COVID-19 Updates and Resources

COVID-19 Quick Links


The nation, the state and our county are working and combating the global pandemic caused by the novel corona virus- COVID-19. At this time, the county Department of Health, in conjunction with several other departments, will be working day and night to ensure the health and welfare of all of our residents. We are on the front lines of this public health crisis conducting tracing investigations, consulting with our partners in local government and working with our colleagues in the first responder community. The threat of COVID-19 to our community is serious and we are focusing all of our resources toward the safety of the public. We are being guided by our medical peers at the three major healthcare providers in the region and we will continue to keep everyone up to date with the latest information impacting the lives of our residents. This site will be updated on a daily basis and provide you the critical information as it impacts residents.


What is 2019 Novel Coronavirus?

The 2019 novel coronavirus (COVID-19) is a new virus that causes respiratory illness in people and can spread from person to person. It was first identified during an outbreak investigation in Wuhan, China.


Can people in the U.S. get COVID-19?

Yes. COVID-19 is spreading from person to person in parts of the United States. Risk of infection with COVID-19 is higher for people who are in close contact with someone known to have COVID-19, for example healthcare workers, or household members. Other people at higher risk for infection are those who live in or have recently been in an area with ongoing spread of COVID-19.


What are the symptoms of 2019 Novel Coronavirus?

Patients with COVID-19 have had mild to severe respiratory illness with symptoms of:

  • fever
  • cough
  • shortness of breath.


How does Novel Coronavirus spread?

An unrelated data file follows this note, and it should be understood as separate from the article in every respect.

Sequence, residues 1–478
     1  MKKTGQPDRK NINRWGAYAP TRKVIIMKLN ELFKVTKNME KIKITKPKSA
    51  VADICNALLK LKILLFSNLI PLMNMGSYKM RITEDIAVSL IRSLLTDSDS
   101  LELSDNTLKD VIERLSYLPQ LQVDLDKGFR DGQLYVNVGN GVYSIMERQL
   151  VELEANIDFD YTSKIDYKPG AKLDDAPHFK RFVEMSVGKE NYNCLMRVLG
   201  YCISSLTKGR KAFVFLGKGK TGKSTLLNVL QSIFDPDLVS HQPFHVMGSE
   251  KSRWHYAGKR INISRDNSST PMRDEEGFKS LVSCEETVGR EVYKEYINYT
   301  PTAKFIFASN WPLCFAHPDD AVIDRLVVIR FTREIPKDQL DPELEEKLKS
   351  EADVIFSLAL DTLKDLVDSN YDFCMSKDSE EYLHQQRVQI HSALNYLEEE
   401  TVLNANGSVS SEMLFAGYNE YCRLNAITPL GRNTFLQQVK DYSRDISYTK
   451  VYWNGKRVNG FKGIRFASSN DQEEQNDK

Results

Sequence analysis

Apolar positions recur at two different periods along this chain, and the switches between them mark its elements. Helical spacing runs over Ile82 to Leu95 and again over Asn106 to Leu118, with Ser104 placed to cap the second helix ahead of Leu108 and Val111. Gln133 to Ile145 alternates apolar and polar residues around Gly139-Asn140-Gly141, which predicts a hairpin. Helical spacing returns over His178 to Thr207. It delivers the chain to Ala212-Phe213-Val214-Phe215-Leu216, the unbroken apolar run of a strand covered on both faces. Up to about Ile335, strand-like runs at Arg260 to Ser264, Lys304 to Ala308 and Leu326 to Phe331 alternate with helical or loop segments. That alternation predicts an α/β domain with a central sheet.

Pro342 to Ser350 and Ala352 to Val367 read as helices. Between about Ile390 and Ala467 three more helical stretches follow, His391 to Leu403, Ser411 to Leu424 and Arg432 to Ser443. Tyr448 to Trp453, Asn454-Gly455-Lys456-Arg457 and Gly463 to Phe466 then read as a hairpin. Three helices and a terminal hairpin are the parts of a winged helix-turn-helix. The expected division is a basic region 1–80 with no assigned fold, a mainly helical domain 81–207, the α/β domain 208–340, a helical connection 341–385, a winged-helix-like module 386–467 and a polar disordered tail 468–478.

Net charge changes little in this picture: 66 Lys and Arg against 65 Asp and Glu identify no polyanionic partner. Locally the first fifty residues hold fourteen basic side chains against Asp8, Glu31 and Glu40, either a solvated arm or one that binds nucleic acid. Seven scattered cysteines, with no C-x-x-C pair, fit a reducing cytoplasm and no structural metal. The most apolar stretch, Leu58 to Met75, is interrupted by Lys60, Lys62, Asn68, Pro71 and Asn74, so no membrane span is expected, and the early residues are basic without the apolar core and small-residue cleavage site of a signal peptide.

The virus that causes COVID-19 probably emerged from an animal source, but is now spreading from person to person:

  • through close personal contact, such as touching or shaking hands (the virus is thought to spread mainly between people who are in close contact with one another within about 6 feet)
  • through the air by coughing and sneezing
  • through touching an object or surface with the virus on it, then touching your mouth, nose, or eyes
    • Facemasks should be used by people who show symptoms of COVID-19 to help prevent the spread of the disease to others, and while in public for all residents


How can I protect myself?

  • Stay informed – CDC is updating its website daily with the latest information and advice for
    the public. Visit:
  • Take everyday preventive actions recommended to prevent the spread of respiratory viruses:
    • Wash hands often with soap and water or
      use hand sanitizer
    • Avoid touching your eyes, nose, or mouth
      with unwashed hands
    • Avoid contact with people who are sick
    • Stay home while you are sick and avoid
      contact with others
    • Cover your mouth and nose with a tissue or
      sleeve when coughing or sneezing


Is there a vaccine?

There is currently no vaccine to protect against COVID-19. The best way to prevent infection is to take everyday preventive actions, like avoiding close contact with people who are sick and washing your hands often.


What if I am planning to travel to an affected area?

  • Check CDC Travel Health Notices
  • If you must travel:
    • Avoid contact with sick people
    • Avoid animals (alive or dead), animal
      markets, and uncooked meat
    • Wash hands often or use hand sanitizer


What if I recently traveled to an affected area and feel sick?

  • Seek medical care right away
  • CALL BEFORE going to the doctor’s office, urgent care, or hospital
  • Avoid contact with others
  • Stay home
  • Cover coughs and sneezes
  • Wash hands often or use hand sanitizer


Covid-19 Call Center

For more information, call the New Jersey Poison Information & Education System, 1-800-222-1222


CDC modifies definition of ‘close contact’

The Centers for Disease Control (CDC) has modified the definition of a close contact, effective Oct. 23, regarding the length of time associated with exposure and the time interval to assess the potential exposure that can result in COVID-19 transmission.

The CDC has modified the definition of a close contact to now include individuals who were within six feet of an infected person for a total of 15 minutes or more during a 24-hour period. The previous definition designated someone as a close contact after 10 consecutive minutes within six feet of an infected person.

The definition of a close contact is a critical factor used in contact tracing operations. For more information regarding this change and the CDC’s other recommendations regarding contact tracing during the pandemic, visit here.